While many evolutionary biologists accepted Gould’s theories, his radical ideas often sparked controversy among academics, and he frequently crossed swords with other scientists. For example, the English zoologist Richard Dawkins, author of The Selfish Gene (1976), called punctuated equilibrium a “minor wrinkle on Darwinism, of no great theoretical significance . . . vastly oversold.” Dawkins wrote that the gene is the object of natural selection and that the individual organism is simply the gene’s way of transmitting itself into the future, unaltered. Gould opposed Dawkins, arguing that bodies, not genes, survive or die, reproduce or leave no offspring. When Dawkins and others attacked what they perceived as Gould’s lack of objectivity, Gould countered in Ever Since Darwin: “Science is no inexorable march to truth, mediated by the collection of objective information. . . . Scientists, as ordinary human beings, unconsciously reflect in their theories the social and political constraints of their times.”

In 1974, Gould began writing essays for Natural History, the magazine of the American Museum of Natural History, under the title “This View of Life.” The column quickly became popular and established Gould as the public face of evolution. He wrote three hundred essays for the magazine, ending in January, 2001, with a retrospective on his family history and a tribute to the persistence of life on earth for more than 3.5 billion years. He compiled a large number of his Natural History essays into ten best-selling books: the first Ever Since Darwin and the last I Have Landed.

In 1982, he was diagnosed with abdominal mesothelioma, a rare and incurable form of cancer. Gould wrote about the disease, rejecting on statistical grounds the eight-month survival time his doctors predicted. He treated the cancer aggressively with surgery, radiation, chemotherapy, and experimental treatments, continuing to write despite their debilitating effects. His cancer went into apparent remission, and he lived another twenty years before succumbing to an unrelated form of cancer.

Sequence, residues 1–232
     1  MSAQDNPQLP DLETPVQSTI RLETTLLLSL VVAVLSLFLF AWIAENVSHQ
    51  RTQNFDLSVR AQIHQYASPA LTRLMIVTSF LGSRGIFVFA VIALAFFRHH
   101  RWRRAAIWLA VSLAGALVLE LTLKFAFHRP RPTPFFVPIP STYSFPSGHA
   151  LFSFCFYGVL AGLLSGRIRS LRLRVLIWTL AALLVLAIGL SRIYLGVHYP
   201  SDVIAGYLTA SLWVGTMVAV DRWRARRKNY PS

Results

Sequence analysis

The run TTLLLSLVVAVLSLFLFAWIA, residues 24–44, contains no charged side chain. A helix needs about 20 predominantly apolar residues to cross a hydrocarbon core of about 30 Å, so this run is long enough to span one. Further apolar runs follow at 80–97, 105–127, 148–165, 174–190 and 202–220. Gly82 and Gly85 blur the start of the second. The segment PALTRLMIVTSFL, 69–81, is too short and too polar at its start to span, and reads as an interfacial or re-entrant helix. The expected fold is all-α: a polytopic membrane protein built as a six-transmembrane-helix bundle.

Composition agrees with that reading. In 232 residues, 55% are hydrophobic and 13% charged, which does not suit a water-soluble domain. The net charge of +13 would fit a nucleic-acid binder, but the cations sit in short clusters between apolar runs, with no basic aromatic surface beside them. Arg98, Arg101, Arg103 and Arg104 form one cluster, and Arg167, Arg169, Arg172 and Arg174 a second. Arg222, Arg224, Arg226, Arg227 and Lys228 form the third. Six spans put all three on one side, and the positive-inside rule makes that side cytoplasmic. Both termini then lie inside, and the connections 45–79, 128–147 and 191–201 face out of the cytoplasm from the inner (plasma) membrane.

A master of analogy and metaphor, Gould drew parallels that delighted, amazed, and expanded the vision of nonscientist readers. He usually introduced his ruminations with some obscure fact from nature. He then linked that fact to a wide range of anecdotes from history, art, architecture, and even sports. From this collection of seemingly disparate facts, he would eventually derive a general principle (his unique brand) of philosophical truth. For example, in Dinosaur in a Haystack, Gould used the silence of the king’s daughter in William Shakespeare’s King Lear (c. 1605-1606) to elucidate the value of negative results in scientific research.

A recurring theme for Gould was the major consequences that could arise later from unpredictable events occurring at some past time. What if the South had won the Civil War? Gould was fond of asking. Would not most things be different socially and politically today? Similarly, humans exist in the present, Gould said, because of the chance survival of an obscure, swimming animal with a notochord (the precursor of the backbone) into the Cambrian period, some 530 million years ago. Gould rejected the notion that evolution necessarily leads to better or more complex organisms, culminating in humans as the ideal. “Homo sapiens is but a tiny, late-arising twig on life’s enormously arborescent bush—a small bud that would almost surely not appear a second time if we could replant the bush from seed and let it grow again,” he wrote in Scientific American.